Arithmetic functions are terms which are evaluated by the arithmetic predicates described in section 4.27.2. There are four types of arguments to functions:
|Expr||Arbitrary expression, returning either a floating point value or an integer.|
|IntExpr||Arbitrary expression that must evaluate to an integer.|
|RatExpr||Arbitrary expression that must evaluate to a rational number.|
|FloatExpr||Arbitrary expression that must evaluate to a floating point.|
For systems using bounded integer arithmetic (default is unbounded, see section 184.108.40.206 for details), integer operations that would cause overflow automatically convert to floating point arithmetic.
SWI-Prolog provides many extensions to the set of floating point functions defined by the ISO standard. The current policy is to provide such functions on `as-needed' basis if the function is widely supported elsewhere and notably if it is part of the C99 mathematical library. In addition, we try to maintain compatibility with YAP.
is followed by a number, the parser discards the
true, both arguments are converted to float and the return value is a float. Otherwise (default), if both arguments are integers the operation returns an integer if the division is exact. If at least one of the arguments is rational and the other argument is integer, the operation returns a rational number. In all other cases the return value is a float. See also ///2 and rdiv/2.
divis floored division.
towards_zero.104Future versions might guarantee rounding towards zero.
Y =\= 0.
Q is div(X, Y), M is mod(X, Y), X =:= Y*Q+M.
"a"evaluates to the character code of the letter `a' (97) using the traditional mapping of double quoted string to a list of character codes. Arithmetic evaluation also translates a string object (see section 5.2) of one character length into the character code for that character. This implies that expression
"a"also works of the Prolog flag double_quotes is set to
string. The recommended way to specify the character code of the letter `a' is
/dev/random. Otherwise it is set from the system clock. If unbounded arithmetic is not supported, random numbers are shared between threads and the seed is initialised from the clock when SWI-Prolog was started. The predicate set_random/1 can be used to control the random number generator.
floor(Expr+1/2), i.e., rounding down. This is an unconventional choice and under which the relation
round(Expr) == -round(-Expr)does not hold. SWI-Prolog rounds outward, e.g.,
round(1.5) =:= 2and round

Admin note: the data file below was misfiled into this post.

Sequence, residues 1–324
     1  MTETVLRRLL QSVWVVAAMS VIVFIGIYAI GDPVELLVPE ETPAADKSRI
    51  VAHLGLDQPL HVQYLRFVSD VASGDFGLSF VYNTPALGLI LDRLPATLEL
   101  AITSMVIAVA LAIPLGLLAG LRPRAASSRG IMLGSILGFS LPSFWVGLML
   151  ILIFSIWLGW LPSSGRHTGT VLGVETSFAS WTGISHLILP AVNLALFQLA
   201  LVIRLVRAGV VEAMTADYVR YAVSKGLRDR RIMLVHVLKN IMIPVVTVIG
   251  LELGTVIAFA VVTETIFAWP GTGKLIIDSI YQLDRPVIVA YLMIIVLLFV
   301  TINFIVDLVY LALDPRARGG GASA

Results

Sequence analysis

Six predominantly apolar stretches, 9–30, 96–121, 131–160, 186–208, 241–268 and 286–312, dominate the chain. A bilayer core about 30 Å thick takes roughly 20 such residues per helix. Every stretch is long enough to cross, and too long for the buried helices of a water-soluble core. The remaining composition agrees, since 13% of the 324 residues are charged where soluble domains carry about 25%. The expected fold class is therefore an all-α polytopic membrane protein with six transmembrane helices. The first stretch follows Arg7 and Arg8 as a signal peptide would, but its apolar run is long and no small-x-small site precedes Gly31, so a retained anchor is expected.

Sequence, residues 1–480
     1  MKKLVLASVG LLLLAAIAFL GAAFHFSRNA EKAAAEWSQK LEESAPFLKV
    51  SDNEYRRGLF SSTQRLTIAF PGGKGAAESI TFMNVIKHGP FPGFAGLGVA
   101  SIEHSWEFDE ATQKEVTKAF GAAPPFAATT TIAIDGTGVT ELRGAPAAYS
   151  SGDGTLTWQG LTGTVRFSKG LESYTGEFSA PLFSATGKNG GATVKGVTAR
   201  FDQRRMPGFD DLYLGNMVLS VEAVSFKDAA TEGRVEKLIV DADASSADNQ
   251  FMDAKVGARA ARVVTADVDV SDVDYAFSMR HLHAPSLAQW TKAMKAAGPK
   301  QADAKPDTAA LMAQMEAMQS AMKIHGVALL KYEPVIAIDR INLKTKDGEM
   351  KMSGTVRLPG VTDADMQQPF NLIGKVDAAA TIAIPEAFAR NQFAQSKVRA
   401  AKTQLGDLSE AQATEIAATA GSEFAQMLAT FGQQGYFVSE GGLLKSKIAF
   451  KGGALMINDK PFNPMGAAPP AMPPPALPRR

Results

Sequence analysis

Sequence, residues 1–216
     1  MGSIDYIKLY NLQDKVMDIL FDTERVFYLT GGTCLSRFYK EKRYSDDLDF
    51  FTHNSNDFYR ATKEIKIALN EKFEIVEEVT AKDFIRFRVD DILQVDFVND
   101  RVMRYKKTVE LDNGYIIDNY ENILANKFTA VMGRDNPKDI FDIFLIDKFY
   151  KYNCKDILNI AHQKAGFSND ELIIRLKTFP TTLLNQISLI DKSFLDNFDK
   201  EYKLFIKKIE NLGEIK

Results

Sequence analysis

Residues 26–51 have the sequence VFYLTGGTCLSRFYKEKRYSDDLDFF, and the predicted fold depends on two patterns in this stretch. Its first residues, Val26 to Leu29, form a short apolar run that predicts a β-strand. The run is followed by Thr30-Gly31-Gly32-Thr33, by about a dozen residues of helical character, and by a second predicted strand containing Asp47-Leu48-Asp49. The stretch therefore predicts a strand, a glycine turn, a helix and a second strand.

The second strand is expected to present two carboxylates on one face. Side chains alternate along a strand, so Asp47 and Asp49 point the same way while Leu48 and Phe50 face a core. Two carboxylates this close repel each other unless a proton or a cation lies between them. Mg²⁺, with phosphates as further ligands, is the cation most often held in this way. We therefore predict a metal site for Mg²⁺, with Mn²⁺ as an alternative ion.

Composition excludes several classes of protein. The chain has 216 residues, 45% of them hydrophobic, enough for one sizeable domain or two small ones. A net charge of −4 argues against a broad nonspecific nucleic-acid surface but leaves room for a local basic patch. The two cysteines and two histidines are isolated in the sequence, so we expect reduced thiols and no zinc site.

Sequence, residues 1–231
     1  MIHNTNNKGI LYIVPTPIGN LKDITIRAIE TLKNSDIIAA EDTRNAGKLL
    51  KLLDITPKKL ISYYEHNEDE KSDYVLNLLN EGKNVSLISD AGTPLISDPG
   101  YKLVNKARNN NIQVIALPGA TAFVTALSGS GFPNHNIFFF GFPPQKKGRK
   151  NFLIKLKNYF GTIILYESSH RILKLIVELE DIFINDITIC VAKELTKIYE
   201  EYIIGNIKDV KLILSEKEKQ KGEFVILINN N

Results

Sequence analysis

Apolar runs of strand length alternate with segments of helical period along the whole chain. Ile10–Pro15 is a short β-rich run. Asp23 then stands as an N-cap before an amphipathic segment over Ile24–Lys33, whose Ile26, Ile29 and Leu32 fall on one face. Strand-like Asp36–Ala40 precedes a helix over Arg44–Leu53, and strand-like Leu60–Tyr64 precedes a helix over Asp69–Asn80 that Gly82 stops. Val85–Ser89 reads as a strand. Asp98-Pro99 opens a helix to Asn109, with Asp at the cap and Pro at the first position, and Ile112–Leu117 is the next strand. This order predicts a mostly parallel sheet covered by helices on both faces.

round(-1.5) =:= -2.
rational(0.1). The function rationalize/1 remedies this. See section 220.127.116.11 for more information on rational number support.
?- A is rational(0.25). A is 1 rdiv 4 ?- A is rational(0.1). A = 3602879701896397 rdiv 36028797018963968
?- A is rationalize(0.25). A = 1 rdiv 4 ?- A is rationalize(0.1). A = 1 rdiv 10
floor(Expr). For Expr < 0 this is the same as
ceil(Expr). That is, truncate/1 rounds towards zero.
Note that the ISO Prolog standard demands
to raise an evaluation error, whereas the C99 and POSIX standards demand
this to evaluate to 0.0. SWI-Prolog follows C99 and POSIX.
resourceerror if the result does not fit in memory.
The ISO standard demands a float result for all inputs and introduces ^/2 for integer exponentiation. The function float/1 can be used on one or both arguments to force a floating point result. Note that casting the input result in a floating point computation, while casting the output performs integer exponentiation followed by a conversion to float.
|Int||Int||**/2||Int or Float||Float|
|Int||Int||^/2||Int or Float||Int or error|
The functions below are not covered by the standard. The
msb/1 function also
appears in hProlog and SICStus Prolog. The getbit/2
function also appears in ECLiPSe, which also provides
clrbit(Vector,Index). The others are SWI-Prolog
extensions that improve handling of ---unbounded--- integers as
(IntExpr >> N) /\ 1 =:= 1. This is the (zero-origin) index of the most significant 1 bit in the value of IntExpr, which must evaluate to a positive integer. Errors for 0, negative integers, and non-integers.
(IntExpr >> N) /\ 1 =:= 1. This is the (zero-origin) index of the least significant 1 bit in the value of IntExpr, which must evaluate to a positive integer. Errors for 0, negative integers, and non-integers.
(IntExprV >> IntExprI)/\1, but more efficient because materialization of the shifted value is avoided. Future versions will optimise
(IntExprV >> IntExprI)/\1to a call to getbit/2, providing both portability and performance.110This issue was fiercely debated at the ISO standard mailinglist. The name getbit was selected for compatibility with ECLiPSe, the only system providing this support. Richard O'Keefe disliked the name and argued that efficient handling of the above implementation is the best choice for this functionality.